Go to: www.greenpeace.org or to M&C environmental and chemical policy
Greenpeace calls for ban on PFCs in outdoor clothing
Environmental campaign group Greenpeace is calling on the outdoor clothing industry to ban perfluorinated and polyfluorinated chemicals (PFCs) from production after tests found the toxins in a number of leading brands. Outdoor clothing brands are selling women’s and children’s clothes with perfluorinated and polyfluorinated chemicals (PFCs) and other hazardous chemicals, according to findings from two independent laboratories commissioned by Greenpeace Germany. Greenpeace is now urging the outdoor clothing industry to ban PFCs from production and to speed the development of fluorine-free alternatives.
Go to: http://fashionsnoops360.com or to the report (German)
Webinar: Guidance for the production and use of perfluorooctane sulfonic acid (PFOS) and related chemicals
The Stockholm Convention Secretariat is hosting a web-based seminar on BAT (best available techniques) & BEP (best environmental practice) for the use of PFOS (perfluorooctane sulfonic acid) and related chemicals listed under the Stockholm Convention on POPs. PFOS is a fully fluorinated anionic substance, which is commonly used as a salt in some applications or incorporated into larger polymers. PFOS and its closely related compounds, which may contain PFOS impurities or substances that can result in PFOS, are members of the large family of perfluoroalkyl sulphonate (PFAS) substances. A guidance on BAT and BEP for the production and use PFOS and related chemicals listed under the Stockholm Convention has been developed to assist Parties in developing strategies for applying those techniques and practices and for implementing the recommendations of the COP on risk reduction for PFOS.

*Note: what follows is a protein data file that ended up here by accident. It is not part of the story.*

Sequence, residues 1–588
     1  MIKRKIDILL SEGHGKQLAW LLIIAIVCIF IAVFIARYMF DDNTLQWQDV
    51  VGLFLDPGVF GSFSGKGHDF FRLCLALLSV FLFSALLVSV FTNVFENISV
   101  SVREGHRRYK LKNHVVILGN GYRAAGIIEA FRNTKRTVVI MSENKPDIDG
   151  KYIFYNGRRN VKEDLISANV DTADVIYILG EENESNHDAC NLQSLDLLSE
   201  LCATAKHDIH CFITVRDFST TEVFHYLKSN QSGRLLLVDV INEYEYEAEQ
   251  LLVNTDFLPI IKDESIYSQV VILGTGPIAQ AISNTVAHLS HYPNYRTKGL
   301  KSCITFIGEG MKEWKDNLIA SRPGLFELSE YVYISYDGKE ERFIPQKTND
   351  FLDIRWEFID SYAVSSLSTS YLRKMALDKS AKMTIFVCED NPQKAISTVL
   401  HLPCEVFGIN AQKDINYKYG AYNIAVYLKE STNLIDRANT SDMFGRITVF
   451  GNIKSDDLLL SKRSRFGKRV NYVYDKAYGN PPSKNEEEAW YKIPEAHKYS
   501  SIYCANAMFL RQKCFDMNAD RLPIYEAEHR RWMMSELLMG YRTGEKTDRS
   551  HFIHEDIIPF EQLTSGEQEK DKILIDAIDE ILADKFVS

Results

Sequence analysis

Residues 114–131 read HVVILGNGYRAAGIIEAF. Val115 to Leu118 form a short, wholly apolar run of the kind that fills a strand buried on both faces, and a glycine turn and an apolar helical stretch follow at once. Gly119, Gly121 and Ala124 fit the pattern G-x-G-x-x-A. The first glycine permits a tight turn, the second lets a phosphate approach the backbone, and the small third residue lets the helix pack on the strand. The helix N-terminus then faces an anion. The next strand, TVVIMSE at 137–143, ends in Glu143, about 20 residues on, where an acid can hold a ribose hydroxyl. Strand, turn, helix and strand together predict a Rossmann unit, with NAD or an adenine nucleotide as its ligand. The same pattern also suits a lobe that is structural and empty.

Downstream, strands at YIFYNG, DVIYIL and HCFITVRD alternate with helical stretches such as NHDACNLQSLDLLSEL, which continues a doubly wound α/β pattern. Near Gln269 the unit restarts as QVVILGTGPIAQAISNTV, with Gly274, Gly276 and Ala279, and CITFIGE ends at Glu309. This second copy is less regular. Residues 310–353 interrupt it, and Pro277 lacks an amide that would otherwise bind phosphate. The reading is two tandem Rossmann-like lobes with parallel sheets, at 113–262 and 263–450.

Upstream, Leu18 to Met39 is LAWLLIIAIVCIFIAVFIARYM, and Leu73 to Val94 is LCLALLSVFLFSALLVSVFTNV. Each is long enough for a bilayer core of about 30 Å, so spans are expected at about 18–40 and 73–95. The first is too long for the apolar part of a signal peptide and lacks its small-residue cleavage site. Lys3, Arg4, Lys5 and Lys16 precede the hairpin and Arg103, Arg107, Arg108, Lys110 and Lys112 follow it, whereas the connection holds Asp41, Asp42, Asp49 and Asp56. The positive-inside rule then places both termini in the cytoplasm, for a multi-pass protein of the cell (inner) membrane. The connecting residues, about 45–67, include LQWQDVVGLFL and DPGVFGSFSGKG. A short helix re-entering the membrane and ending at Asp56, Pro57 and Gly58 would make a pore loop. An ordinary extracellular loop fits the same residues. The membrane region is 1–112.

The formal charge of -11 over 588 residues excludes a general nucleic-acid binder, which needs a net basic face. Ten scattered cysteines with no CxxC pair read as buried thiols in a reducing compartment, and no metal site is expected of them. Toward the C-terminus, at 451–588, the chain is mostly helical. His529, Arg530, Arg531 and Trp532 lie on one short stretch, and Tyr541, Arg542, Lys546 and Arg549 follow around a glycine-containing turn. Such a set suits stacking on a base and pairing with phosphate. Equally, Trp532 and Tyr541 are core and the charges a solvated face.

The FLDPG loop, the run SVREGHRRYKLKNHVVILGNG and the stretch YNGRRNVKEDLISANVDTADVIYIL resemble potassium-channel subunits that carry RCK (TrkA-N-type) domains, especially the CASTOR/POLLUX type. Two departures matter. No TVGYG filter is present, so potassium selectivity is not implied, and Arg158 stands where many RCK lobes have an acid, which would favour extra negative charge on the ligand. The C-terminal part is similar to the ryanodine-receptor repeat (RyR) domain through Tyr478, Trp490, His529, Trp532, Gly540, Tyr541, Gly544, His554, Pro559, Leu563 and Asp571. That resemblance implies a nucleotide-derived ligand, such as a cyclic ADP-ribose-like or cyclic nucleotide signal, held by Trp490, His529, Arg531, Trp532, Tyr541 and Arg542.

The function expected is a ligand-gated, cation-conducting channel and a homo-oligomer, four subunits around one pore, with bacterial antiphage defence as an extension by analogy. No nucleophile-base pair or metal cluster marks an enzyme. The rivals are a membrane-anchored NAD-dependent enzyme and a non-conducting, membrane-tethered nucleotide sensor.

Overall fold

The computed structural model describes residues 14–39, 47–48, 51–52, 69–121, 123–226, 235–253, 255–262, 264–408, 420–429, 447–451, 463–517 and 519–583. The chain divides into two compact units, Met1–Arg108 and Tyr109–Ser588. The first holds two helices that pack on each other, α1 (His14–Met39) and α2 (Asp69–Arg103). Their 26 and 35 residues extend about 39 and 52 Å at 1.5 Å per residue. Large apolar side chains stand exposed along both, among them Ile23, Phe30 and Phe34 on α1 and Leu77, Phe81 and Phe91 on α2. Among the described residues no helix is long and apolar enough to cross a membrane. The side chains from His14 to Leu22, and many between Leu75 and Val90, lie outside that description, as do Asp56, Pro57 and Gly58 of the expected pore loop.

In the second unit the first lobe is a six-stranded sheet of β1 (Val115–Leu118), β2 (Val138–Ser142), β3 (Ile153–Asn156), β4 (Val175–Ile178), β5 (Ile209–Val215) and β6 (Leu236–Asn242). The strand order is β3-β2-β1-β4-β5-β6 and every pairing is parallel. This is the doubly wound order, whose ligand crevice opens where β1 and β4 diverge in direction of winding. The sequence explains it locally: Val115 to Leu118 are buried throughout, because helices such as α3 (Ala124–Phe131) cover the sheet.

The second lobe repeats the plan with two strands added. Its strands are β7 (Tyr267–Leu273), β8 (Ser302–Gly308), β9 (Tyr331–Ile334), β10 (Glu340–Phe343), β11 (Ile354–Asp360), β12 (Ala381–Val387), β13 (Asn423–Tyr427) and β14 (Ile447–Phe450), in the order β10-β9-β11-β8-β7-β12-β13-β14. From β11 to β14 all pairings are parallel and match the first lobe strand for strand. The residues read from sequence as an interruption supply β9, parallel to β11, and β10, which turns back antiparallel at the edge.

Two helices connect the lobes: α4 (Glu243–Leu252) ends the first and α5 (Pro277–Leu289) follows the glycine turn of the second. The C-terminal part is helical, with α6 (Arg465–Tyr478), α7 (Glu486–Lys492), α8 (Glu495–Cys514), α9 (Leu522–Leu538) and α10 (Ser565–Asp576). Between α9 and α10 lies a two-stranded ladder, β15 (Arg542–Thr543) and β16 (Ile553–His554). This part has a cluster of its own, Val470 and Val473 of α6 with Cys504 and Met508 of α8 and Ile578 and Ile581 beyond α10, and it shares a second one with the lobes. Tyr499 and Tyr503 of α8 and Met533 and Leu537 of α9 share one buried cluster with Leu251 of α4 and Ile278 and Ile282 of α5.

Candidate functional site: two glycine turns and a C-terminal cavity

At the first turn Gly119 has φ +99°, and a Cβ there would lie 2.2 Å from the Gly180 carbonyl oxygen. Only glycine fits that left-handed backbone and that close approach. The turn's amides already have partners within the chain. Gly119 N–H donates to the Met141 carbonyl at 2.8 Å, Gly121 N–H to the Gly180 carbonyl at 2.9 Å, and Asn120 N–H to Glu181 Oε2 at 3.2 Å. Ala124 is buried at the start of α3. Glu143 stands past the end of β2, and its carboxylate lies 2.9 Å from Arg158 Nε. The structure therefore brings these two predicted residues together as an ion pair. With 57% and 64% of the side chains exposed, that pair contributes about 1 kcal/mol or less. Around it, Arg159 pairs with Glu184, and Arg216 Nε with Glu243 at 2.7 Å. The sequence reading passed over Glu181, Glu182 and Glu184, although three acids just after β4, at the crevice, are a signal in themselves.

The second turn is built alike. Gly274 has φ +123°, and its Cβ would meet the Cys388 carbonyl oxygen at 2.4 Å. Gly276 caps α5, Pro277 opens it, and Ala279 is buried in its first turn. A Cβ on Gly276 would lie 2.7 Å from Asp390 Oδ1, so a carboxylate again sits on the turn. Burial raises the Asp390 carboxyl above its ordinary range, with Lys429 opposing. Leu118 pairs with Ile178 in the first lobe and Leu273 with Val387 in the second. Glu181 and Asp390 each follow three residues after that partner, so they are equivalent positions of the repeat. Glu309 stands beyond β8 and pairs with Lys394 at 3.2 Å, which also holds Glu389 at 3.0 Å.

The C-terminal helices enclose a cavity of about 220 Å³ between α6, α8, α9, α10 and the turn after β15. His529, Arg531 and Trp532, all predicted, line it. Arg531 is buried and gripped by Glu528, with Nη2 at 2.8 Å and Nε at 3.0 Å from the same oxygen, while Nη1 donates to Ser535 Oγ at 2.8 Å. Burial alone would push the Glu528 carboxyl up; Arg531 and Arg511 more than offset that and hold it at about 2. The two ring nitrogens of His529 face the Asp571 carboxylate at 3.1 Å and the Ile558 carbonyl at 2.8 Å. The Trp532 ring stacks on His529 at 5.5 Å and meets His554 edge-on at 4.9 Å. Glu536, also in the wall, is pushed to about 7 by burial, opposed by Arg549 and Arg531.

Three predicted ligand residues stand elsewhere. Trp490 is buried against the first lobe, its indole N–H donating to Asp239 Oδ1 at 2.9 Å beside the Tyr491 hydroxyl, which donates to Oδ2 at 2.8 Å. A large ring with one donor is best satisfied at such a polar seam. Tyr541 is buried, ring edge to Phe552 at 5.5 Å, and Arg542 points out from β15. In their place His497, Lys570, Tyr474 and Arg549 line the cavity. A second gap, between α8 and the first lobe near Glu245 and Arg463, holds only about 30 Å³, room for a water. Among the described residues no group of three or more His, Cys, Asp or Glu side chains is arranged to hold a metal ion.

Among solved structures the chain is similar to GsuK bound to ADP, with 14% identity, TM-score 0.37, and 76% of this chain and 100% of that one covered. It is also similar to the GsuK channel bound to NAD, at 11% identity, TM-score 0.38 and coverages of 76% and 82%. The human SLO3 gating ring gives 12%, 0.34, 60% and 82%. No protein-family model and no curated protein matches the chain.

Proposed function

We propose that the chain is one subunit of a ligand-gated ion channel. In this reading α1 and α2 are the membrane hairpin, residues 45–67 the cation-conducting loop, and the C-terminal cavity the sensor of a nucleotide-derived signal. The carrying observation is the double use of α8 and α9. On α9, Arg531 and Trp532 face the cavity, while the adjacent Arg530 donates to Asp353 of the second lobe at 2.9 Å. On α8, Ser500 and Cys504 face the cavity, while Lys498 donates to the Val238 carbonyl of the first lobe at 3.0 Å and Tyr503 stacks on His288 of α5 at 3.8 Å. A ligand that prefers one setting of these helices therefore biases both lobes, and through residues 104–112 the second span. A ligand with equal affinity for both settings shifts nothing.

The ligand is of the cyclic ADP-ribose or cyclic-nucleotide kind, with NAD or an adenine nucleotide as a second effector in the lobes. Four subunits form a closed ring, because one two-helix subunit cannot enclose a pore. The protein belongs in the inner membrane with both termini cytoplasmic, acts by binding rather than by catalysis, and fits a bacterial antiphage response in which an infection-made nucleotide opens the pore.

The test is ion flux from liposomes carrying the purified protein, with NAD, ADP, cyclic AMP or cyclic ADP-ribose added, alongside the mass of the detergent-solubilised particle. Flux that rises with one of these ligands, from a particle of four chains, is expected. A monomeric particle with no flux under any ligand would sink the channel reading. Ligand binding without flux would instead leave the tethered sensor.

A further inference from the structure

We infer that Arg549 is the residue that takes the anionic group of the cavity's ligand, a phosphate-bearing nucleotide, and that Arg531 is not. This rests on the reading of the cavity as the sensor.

The webinar takes 1 hour and will be held on
Thursday, 6. December 2012, at 4 pm, (GMT +1:00)
Go to: Stockholm Convention
10th Edition of World’s largest Sustainable Palm Oil Meeting
From 30 October to 1 November, the 10th Annual Roundtable Meeting on Sustainable Palm Oil (RT10), the world’s largest sustainable palm oil meeting was held in Singapore. The meeting, presented by international multi-stakeholder organisation the Roundtable on Sustainable Palm Oil (RSPO), reflected the strong commitment from palm oil stakeholders worldwide towards Sustainable Palm Oil.
Presentations can be found at: http://rt10.rspo.org./
Plastic shoes analysed for harmful chemicals
The Swedish Chemicals Agency has analysed 30 pairs of soft plastic shoes to see if they contain harmful chemicals. Several shoes contained phthalates that are considered to be endocrine disruptors. The phthalates found were DIBP, DBP and DEHP. These phthalates are not prohibited in shoes, but they are banned in some other products, such as toys, childcare products and products intended to be put into the mouth.
Go to: : kemi.se
Risk assessment of endocrine active chemicals: Identifying chemicals of regulatory concern
The guidance proposed by ECETOC in 2011 provides a structured, science based framework to evaluate results from a variety of apical, mechanistic and screening toxicity studies. It integrates knowledge of adverse effects and mode of action from these studies to reach a conclusion regarding the endocrine disrupting properties of substances, in accordance with the International Programme on Chemicals Safety (IPCS ) and other related definitions. This paper proposes refinements mainly to the second part of the original ECETOC guidance, in order to discriminate between chemicals of low concern from those of higher concern (for regulatory purposes).
Go to: ecetoc.org